The second generation of Sonos’ most popular products, the Beam soundbar, has been updated to support Dolby Atmos.
Following the debut in early October, we had the chance to try out the new product, which may not seem like much of an improvement at first glance, but it can really take home theater viewing to a new level in the right circumstances.
In mid-September, Sonos unveiled the second generation of the Beam soundbar, which looks almost identical to its predecessor. It has changed under the hood that makes it Dolby Atmos compatible.
It’s still a step behind the Sonos Arc, but it’s an ideal choice for those who want more than just the sound of a TV and want a system that can be expanded later.
The front grille is now made of polycarbonate (instead of the previous fabric), which helps to provide a better sound experience.
But the rounded edges are still there, the soundbar still has the touch-sensitive control buttons on top (which most people will never use), and the dimensions slightly changed.
There are also no big surprises at the back: a LAN port and an HDMI port, which already supports eARC, and a button that you’ll only need if you want to add more devices to the soundbar later.
Dead Simple Setup
Setup is also easy as pie. First, you connect the sound projector to your TV via HDMI or an optical connection (a converter is included), and then you’re ready to use the Sonos app, available for both iOS and Android.
The phone and the sound projector automatically find each other. Then, the device connects to your wireless network. The whole process is completed by touching your phone to the NFC label on the top of the enclosure.
The device can now be used not just as a speaker for your TV but also as a music player or a smart speaker
No Interruption Only Music
The Sonos app integrates with all music streaming services (Spotify, Tidal, Apple Music, Youtube, etc.), even more than one at a time, so users can easily access their favorites. In addition, with the WiFi connection, users can use their mobile phones while listening to music.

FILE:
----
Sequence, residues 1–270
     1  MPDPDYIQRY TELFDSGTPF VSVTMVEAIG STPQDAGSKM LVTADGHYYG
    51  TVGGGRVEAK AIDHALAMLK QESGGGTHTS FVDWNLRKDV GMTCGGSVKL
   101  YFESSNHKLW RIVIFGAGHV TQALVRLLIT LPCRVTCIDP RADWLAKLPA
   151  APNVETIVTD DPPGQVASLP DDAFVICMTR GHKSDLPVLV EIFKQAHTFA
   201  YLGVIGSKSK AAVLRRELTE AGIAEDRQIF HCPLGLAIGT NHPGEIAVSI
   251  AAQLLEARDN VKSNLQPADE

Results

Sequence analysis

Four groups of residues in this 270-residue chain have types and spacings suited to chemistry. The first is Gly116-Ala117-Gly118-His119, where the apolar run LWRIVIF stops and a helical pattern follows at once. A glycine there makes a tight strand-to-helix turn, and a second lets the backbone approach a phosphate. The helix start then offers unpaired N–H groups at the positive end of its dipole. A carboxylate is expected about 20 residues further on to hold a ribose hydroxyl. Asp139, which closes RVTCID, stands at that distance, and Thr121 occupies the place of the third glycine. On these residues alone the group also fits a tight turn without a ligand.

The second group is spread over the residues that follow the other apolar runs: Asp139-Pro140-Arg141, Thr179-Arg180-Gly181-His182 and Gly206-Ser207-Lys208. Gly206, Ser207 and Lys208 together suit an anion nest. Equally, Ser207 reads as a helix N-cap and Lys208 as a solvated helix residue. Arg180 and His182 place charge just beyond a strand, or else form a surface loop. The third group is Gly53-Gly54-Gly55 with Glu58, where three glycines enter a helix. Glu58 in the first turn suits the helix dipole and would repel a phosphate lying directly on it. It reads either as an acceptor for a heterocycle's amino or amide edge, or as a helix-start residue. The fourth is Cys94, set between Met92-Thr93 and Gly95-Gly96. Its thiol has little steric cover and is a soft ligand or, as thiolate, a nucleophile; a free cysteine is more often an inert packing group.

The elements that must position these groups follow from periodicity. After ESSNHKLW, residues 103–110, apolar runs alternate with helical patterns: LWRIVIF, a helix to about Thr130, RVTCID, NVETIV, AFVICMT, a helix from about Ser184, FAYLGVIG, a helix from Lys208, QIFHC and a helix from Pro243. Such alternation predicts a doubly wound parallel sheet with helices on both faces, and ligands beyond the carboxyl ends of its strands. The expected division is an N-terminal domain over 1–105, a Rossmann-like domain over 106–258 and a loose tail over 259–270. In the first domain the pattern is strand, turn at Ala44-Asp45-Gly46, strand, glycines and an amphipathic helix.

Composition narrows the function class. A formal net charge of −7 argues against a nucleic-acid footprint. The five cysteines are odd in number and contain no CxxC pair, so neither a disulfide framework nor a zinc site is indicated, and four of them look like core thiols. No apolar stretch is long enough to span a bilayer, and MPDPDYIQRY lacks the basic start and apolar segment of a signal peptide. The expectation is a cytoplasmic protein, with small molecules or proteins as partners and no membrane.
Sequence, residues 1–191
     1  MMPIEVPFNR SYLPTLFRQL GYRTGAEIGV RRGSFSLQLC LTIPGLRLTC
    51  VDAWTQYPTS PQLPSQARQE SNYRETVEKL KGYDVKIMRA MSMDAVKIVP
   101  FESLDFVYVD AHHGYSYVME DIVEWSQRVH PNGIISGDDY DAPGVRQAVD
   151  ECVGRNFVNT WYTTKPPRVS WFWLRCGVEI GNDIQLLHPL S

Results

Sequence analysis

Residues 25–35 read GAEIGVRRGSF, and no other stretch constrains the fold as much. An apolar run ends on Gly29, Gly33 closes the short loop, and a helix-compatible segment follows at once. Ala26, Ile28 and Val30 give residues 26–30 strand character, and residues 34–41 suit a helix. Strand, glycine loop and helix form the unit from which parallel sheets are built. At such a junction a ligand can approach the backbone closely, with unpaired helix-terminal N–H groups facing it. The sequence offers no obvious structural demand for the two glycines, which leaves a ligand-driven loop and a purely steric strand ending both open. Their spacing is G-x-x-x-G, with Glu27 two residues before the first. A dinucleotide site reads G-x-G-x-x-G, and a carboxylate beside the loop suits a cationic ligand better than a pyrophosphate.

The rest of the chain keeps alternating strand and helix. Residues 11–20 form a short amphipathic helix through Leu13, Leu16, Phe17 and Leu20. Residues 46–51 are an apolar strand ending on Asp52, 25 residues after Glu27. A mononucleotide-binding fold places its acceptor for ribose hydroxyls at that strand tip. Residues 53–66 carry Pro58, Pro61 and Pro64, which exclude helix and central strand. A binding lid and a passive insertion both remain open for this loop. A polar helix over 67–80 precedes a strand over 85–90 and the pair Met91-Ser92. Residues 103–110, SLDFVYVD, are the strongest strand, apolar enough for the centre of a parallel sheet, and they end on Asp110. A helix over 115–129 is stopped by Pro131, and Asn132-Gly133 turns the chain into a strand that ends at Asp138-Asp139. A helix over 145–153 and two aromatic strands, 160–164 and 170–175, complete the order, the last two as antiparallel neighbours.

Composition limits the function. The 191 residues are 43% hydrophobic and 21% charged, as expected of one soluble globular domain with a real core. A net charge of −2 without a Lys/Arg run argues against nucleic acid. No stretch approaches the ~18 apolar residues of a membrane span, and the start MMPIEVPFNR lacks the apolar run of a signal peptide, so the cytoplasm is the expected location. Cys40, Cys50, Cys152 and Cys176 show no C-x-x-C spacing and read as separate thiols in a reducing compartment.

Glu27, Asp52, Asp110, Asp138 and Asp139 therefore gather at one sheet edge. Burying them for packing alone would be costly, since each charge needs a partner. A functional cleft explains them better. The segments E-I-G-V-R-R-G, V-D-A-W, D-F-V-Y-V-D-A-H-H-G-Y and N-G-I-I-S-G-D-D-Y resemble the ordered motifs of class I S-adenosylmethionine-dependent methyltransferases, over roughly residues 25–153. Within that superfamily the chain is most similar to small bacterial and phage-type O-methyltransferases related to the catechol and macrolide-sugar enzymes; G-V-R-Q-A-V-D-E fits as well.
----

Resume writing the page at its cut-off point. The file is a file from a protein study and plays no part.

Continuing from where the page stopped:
You can make a phone call, start a video or a game on your mobile, none of which will interrupt your music playback, and no unwanted sounds will come through the soundbar.
The Beam 2 can be connected to any existing Sonos ecosystem device within the app with a few taps, so you can play the same music from multiple locations and expand your system.
Several of the manufacturer’s devices, including the Sonos One speakers, can be paired as side speakers – not just the Sonos One speakers, but also the shelf, lamp, and picture frame launched with IKEA.
The first Sonos Beam is already an excellent soundbar in its class, and it’s no coincidence that it has become one of the best-selling products in its category – even though it’s not cheap by any stretch of the imagination.
The internal components are mostly unchanged, with four full-range speakers, one tweeter, three passive drivers, and five Class D amplifiers, along with five microphones.
The new model, just like the previous version, is available in black and white. What’s changed is that the Beam Gen2’s processor is 40 percent more powerful than its predecessor’s chip, so it can handle two extra channels, height and surround, for the right and left speakers.
The system can “twist” the timing and frequency of sounds as if they were coming from the side and above by tweaking how long it takes to make different frequency signals go through the speakers.
The Beam 2 is not quite as good as the Arc, but these software tricks help create a richer sound experience. The action sequences, explosions, and shootouts really gave a sense of space, which was only heightened when it came to blockbuster titles like Star Wars: The Rise of Skywalker. The second-generation Beam is a fine example of what Sonos engineers can do.
Even the regular Beam was fantastic, but it’s a solid step up with the suitable TV and content. You’ll get a sound experience that most more expensive smart TVs with soundbars and most similarly priced competitors can’t match.
And it’s not just Dolby Atmos – the other supported formats (Stereo PCM, Dolby Digital, Dolby Digital Plus, Dolby TrueHD, Multichannel PCM, Dolby Multichannel PCM) are also great.
You can enable the “Night Sound” mode to keep movies from disturbing your household (or your neighbors). Speech Enhancement will highlight speech sounds also works excellent.
This device is easy to expand without cables. Adding Sonos subwoofers and side speakers improves the basic surround experience with a faster processor and better software; the Beam 2 produces a richer sound. However, if you already have the original Beam, it may not be worth upgrading to the new model.
But if you have a smart TV with Dolby Atmos support, a relatively small living room where you don’t want to install a clunky, 7.1 channel home theatre system, and you have some budget constraints, the Beam Gen2 is a great choice.